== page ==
The sole practitioner had worked solo since the retirement of his former business partner in 2014. But he had hoped to address that issue by investigating the possibility of merging with another practice. 

He admitted that he didn’t deal well with the client terminating the relationship and apologised for his “abhorrent” actions and accepted that he deserved to be disciplined. 

Showing that he’s learned from this experience, Pinner said that several other clients have since left his firm owing money and rather than going the route as before, he had checked the rules and sought advice from a helpline.  

Pinner’s representation described the incident as out of line with his normal “client-focused behaviour” and said the actions at the time were “utterly stupid”. But noted that the chartered accountant has demonstrated contrition towards his former client, who was reported as being “humbled by the apology. 

Tribunal decision

In sentencing the chartered accountant, the tribunal acknowledged that Pinner’s actions were not driven by financial gain, but out of revenge and to recover the disputed fees. 

The incident was resolved after a short period once ICAEW’s professional conduct department got involved and pointed the accountant’s attention to their rights in exercising liens against former clients, and soon after Pinner relinquished the handover information. 

The tribunal concluded that the chartered accountant had recognised the “inappropriateness of his behaviour” and had addressed the factors that underpinned his conduct. The disciplinary report also referred to glowing testimonials that spoke highly of his professionalism, character and integrity. 

Taking this into account, the ICAEW disciplinary proceedings found that it was very unlikely that such a lapse would be repeated and excluding him from practice would be disproportionate. Instead, the tribunal severely reprimanded the accountant and applied a fine and costs worth a combined sum of £12,000.

Replies (50)

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By Justin Bryant
07th Sep 2023 11:24

If he'd have been unregulated, the boot would have been on the other foot here presumably and I expect the client only found out what the difference was after the event so to speak.

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By Adam Peterson
07th Sep 2023 12:22

The first rule of having a stress free business/ practice is...

Always agree any extra costs BEFORE they are incurred by yourself.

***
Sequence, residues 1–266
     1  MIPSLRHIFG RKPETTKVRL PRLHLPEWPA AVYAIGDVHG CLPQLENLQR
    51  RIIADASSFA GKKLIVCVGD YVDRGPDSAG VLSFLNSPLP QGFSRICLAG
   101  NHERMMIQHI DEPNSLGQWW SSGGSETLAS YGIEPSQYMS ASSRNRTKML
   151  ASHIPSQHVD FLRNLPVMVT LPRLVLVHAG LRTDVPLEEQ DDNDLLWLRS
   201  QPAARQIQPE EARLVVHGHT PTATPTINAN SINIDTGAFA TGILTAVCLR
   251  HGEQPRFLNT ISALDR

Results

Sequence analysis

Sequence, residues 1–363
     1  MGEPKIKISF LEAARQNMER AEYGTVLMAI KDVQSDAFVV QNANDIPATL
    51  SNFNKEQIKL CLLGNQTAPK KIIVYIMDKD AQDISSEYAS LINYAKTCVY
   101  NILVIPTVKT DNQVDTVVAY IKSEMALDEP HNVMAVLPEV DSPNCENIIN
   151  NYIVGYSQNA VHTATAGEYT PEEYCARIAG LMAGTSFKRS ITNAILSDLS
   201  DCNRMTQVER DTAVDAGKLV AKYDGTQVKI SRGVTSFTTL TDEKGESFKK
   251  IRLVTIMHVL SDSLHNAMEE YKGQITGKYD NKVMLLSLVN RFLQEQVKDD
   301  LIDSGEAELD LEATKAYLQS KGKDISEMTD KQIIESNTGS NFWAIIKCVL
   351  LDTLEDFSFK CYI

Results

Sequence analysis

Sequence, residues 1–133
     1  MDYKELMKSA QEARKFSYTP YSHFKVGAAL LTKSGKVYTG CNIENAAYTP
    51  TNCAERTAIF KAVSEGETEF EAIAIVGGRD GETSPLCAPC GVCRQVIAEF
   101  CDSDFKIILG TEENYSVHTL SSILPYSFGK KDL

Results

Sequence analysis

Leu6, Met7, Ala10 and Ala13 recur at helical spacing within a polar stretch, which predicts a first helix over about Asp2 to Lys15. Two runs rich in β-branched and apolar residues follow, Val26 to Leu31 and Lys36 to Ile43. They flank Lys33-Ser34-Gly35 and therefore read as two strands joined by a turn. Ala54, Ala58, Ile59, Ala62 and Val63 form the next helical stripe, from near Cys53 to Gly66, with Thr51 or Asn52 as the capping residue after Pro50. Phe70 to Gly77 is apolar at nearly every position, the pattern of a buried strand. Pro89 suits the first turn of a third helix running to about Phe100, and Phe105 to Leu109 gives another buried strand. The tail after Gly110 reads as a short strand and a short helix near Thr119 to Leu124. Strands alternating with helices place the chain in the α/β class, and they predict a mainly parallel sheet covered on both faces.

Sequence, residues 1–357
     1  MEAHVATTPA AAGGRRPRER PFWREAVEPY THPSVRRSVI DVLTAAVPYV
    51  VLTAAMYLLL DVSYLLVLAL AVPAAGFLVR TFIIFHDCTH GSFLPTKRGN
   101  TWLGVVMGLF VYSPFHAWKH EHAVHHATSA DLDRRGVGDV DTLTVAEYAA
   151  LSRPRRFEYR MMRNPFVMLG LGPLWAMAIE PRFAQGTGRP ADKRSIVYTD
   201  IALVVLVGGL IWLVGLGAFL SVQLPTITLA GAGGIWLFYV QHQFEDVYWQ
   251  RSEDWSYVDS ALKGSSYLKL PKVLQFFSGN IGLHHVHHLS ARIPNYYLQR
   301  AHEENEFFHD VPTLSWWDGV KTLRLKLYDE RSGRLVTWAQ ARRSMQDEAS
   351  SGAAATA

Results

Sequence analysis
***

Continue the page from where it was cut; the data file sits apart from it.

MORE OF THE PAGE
Fines were justified and I hope the client finds a better accountant.

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By adam.arca
07th Sep 2023 13:18

Absolutely ludricous decision from the Institute there.

The accountant has been unprofessional, yes, but a £12k financial hit for a misjudgment where, as far as I can tell from the report, there were no significant additional costs incurred by the client? Get real.

And as for the comment by Adam Peterson: member since, erm, today. Nuff said.

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Replying to adam.arca:
Stepurhan
By stepurhan
07th Sep 2023 14:27

A bit more than merely unprofessional.

Companies House move very quickly to start an automatic strike-off action for failure to file a confirmation statement these days. Presumably this was resolved before it reached that point, but an accountant that would risk forcing bona vacantia on an ex-client probably should not be in practice.

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Replying to stepurhan:
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By johnjenkins
11th Sep 2023 11:35

Say what you like, his action got the bill paid and saved loads of solicitors fees.
I do agree that he shouldn't have charged the extra in the first place.

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Replying to johnjenkins:
Stepurhan
By stepurhan
11th Sep 2023 14:11

So you think engaging in incredibly unethical actions that could have had severe repercussions for their ex-client is OK because it "got the bill paid"

Good to know.

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Replying to stepurhan:
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By johnjenkins